f Q/VJ FOLKESTONE was about to get an I/O attractive asset in the form of a tree-lined Cherry Gardens Avenue upgraded to an 80ft wide thoroughfare, thanks largely to a gift of land by Lord Radnor. Final discussions were taking place leading to the widening of the road. But hopes were dashed that it might be even wider, with a continuation of the 'gallop' being constructed at the foot of the hills by the Earl, ft would have required a 100ft wide strip of land to creatc a gallop for riders along a reservation in the centre of the highway, which some had hoped for. However, declared the Herald, the town should be grateful for an 80ft wide amenity, which would be "magnificent advertisement" for Folkestone. The council had been opposed to meeting the extra cost of ii 100ft wide strip of land. A brass tablet memorial to Capt L.A. North and men of the 3rd Shorncliffe Company Mounted Artillery, Bugler C Chequers {Buffs), Privates G. Ansell (Buffs), Dyer (Royal Sussex), and F Huggins (Royal West Kents), was due to be dodicated at the Camp Garrison Church by General Franklyn, Commander of the 5th Division Second Army Corps.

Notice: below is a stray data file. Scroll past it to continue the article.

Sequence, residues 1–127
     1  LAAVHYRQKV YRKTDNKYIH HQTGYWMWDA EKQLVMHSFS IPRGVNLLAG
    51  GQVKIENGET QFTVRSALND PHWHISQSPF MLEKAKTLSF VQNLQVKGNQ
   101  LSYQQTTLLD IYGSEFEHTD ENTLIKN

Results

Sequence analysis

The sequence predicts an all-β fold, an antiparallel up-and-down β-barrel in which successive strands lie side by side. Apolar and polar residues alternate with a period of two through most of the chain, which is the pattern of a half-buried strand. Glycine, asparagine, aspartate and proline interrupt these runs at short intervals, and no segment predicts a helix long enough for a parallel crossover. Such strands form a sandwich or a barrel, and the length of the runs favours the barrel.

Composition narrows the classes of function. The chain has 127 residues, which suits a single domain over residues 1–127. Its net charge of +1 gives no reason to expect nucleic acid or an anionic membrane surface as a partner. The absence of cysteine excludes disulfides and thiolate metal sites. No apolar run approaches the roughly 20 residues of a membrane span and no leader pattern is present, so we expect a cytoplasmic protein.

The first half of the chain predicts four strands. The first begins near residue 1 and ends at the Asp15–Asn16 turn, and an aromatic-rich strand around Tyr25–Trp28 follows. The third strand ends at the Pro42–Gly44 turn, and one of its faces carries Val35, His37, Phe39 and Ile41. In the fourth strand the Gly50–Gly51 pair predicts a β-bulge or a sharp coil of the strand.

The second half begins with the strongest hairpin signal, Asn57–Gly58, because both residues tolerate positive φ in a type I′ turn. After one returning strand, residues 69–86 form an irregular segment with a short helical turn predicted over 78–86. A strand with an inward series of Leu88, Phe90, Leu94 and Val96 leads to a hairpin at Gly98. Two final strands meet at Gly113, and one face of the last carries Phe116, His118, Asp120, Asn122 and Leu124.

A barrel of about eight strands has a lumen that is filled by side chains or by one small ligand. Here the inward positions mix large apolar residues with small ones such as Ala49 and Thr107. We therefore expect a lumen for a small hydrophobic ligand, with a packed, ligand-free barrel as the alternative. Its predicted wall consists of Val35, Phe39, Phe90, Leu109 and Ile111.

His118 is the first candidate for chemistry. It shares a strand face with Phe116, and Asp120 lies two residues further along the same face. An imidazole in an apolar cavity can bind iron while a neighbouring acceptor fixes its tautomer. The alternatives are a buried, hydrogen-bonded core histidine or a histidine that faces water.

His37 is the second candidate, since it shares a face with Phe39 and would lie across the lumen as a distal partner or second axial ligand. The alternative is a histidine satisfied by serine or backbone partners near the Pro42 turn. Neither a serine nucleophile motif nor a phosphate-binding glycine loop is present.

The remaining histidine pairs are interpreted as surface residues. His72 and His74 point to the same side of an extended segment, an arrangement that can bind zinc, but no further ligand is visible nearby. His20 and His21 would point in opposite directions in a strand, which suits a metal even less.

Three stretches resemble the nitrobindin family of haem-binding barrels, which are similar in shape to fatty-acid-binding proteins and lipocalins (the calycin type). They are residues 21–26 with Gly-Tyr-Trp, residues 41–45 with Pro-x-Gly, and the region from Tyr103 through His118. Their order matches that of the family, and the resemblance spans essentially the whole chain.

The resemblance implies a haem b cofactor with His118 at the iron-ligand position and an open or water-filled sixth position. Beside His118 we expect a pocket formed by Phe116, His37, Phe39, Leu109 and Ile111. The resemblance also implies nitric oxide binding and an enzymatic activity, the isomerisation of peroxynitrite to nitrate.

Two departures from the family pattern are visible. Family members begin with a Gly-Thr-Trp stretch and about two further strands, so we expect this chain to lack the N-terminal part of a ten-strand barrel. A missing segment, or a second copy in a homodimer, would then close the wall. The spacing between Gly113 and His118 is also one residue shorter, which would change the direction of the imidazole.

High key plans to boost Coronation festivities

ii ncOSUCCESSFUL Folkestone Motor Cycle .LUOOClub, with 60 odd members ana all set to organise a motor cycle gymkhana as part of the district's Coronation celebrations, was opening a new improved racing circuit on the Western Heights, offering the prospect of some attractive summer race meetings. But there was more to the club than racing and it also planned a special road safety display and treasure hunt, together with a Concours d'elegance' at the Folkestone Cricket Ground. An appeal went out from the Chamber of Trade to Folkestone traders for help to fund Coronation struct decorations on town lamp-posts. Hillside Secondary School was renovating a memorial plaque to boys of the former Dover Road School who fell in the First World War and school Head W.A. Parks was appealing for help in restoring the full list of names, those of three soldiers and one marine having, through the years, become indis^ tinct. Local people were mourning the death of Miss Isabel Divers, of Newingreen, believed to be the country's only woman haulage boss with as many as 20 vehicles. Aged only 47 she took over the running of the business from her father Thomas when he died 22 years before.